"small scale arrests, are the low-hanging fruit of the drug war…"


Marijuana ballot question explored at Kalamazoo forum


The people have spoken. AGAIN. -UA

KALAMAZOO — Kevin Ruddy said he’s never smoked marijuana, usually votes Re­publican and mostly adheres to conservative principles.

He also considers himself a re­sponsible voter, and that led him to attend a meeting Mon­day hosted by supporters of a proposal to amend the Kalama­zoo’s city charter to make the possession of small amounts of marijuana the “lowest priority” for police.

He’d heard what opponents of the proposal had to say about it, and he entered the meeting undecided, wanting to know what the other side had to say. He left a supporter.

“We’ve got shrinking re­sources everywhere. I’m no hippie, but we don’t need to be focused on this,” said Ruddy, a consultant and small-business owner. “Resources are being wasted on (investigating and prosecuting) this kind of small­-scale stuff. That angers me.”

About 20 people attended the meeting at the Kalamazoo Pub­lic Library, sponsored by the Kalamazoo Coalition for Prag­matic Cannabis Laws, where attendees shared the opinion that there is large-scale sup­port for the proposed charter amendment among the city’s registered voters.

The proposal’s specific lan­guage — to go before voters on the Nov. 8 ballot — reads: “Shall the Kalamazoo City Charter be amended such that the use and/or consumption of one ounce or less of usable marijuana by adults 21 years or older is the lowest priority of law enforcement personnel?” If it passes, Kalamazoo would be the first city in the state to have such charter language.

“People don’t want their law enforcement money spent on this, plain and simple,” said Chuck Ream, an Ann Arbor resident and member of the Safer Michigan Coalition, a group that seeks to tax and reg­ulate marijuana the same way as alcohol. “They want their tax dollars going to investigate violent crime.”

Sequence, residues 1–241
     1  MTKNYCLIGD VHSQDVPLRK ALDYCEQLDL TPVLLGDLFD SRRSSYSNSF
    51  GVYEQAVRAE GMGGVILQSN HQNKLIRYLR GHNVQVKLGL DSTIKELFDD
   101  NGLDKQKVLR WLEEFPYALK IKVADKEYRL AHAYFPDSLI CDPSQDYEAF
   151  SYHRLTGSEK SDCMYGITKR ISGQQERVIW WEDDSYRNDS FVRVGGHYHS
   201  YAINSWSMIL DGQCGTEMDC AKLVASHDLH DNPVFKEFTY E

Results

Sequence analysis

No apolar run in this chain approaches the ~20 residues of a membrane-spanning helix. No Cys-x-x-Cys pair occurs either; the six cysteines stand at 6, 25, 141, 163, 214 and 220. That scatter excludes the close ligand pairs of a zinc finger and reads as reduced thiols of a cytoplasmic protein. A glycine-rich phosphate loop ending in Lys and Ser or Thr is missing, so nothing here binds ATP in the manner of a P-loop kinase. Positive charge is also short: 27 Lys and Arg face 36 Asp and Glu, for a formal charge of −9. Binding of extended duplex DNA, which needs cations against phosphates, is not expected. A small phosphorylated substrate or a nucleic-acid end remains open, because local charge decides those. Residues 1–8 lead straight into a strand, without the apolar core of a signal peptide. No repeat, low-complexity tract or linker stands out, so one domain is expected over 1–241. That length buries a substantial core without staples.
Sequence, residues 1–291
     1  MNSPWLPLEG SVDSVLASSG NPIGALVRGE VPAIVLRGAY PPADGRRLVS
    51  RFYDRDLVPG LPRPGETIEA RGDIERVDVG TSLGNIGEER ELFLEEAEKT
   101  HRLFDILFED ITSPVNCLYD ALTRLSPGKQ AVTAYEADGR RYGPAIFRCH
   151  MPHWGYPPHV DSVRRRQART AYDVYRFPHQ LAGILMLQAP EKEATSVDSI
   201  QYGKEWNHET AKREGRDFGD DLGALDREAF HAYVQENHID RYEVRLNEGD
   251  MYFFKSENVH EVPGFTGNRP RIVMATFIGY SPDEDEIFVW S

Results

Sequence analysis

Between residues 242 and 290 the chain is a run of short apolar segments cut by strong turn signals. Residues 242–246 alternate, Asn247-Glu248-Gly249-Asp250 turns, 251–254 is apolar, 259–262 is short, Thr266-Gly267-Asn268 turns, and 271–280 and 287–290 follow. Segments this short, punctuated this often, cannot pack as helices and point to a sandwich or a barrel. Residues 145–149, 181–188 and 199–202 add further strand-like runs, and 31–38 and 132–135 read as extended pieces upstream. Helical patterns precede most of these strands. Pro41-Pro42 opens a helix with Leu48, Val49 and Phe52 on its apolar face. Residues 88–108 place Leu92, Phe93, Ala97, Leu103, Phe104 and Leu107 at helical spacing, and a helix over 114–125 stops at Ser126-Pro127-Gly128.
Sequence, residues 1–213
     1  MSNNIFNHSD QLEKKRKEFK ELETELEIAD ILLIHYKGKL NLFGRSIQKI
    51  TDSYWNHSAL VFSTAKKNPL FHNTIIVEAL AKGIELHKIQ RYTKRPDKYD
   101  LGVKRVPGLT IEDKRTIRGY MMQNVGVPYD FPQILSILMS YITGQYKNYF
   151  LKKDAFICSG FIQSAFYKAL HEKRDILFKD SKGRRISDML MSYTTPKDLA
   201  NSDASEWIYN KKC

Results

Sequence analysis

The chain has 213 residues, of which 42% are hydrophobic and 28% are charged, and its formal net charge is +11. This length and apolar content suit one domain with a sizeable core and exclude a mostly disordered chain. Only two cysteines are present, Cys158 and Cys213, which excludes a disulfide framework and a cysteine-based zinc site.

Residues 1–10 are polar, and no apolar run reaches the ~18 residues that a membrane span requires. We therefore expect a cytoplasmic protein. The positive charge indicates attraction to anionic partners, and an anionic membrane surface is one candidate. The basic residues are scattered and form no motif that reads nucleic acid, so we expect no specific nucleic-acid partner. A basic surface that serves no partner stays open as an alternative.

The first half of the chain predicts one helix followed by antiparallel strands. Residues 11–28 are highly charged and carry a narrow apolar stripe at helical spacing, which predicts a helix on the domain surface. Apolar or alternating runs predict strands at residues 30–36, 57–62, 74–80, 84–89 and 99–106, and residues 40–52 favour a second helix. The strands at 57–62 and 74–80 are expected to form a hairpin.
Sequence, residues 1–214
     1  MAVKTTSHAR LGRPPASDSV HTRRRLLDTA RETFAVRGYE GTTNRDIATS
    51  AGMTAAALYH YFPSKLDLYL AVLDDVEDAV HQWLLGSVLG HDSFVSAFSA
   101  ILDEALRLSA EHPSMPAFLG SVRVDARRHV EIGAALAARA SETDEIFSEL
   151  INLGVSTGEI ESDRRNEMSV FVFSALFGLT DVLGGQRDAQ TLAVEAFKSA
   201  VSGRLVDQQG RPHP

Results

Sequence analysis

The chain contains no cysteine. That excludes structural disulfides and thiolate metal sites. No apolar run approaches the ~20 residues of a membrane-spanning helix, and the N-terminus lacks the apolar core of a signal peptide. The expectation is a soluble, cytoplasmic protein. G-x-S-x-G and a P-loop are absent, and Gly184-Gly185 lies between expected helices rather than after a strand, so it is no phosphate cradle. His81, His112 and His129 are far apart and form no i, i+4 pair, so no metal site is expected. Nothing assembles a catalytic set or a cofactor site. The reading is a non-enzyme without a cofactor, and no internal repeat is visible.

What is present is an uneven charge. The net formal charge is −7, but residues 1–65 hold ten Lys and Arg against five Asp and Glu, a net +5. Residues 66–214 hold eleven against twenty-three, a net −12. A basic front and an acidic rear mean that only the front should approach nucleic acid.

Law enforcement officials have said they don’t actively investigate small amounts of marijuana and that even if the charter amendment is passed, it would not change the power Department of Public Safety officers would still have to en­force state and federal laws that ban marijuana.

John Targowski, a Kalamazoo attorney who litigates mar­ijuana- related cases, pointed out that the proposed charter amendment does not create any legal right to use marijua­na in the city. Rather, it seeks to direct law enforcement re­sources away from investigat­ing small amounts of marijuana and toward the arrest and pro­secution of criminals who truly compromise the public’s safety. Possessors and users of small amounts of marijuana are not those people, he said.

“Small-scale arrests are the low-hanging fruit of the drug war,” Targowski said.

Those arrested for small amounts of marijuana end up clogging the criminal justice system, from arrest to prosecution to potential jail time, costing taxpayers, he said.

“This is a resource allocation issue,” Targowski said.

Similar lowest-priority proposals have amended the governing documents of Seattle, Denver, Missoula, Mont., and other cities, local supporters said.

They said passing a Kalamazoo charter amendment could spark a movement across the state to similarly amend other city charters.

“Kalamazoo will be symbolic and might gear up other initiatives throughout the state,” Ream said. “Voters here could really start something.”

Ream said four other Michigan cities are being looked at for similar lowest-priority amendments in 2012, including Escanaba and Flint.

“You will be representing the whole Midwest,” he said to attendees.



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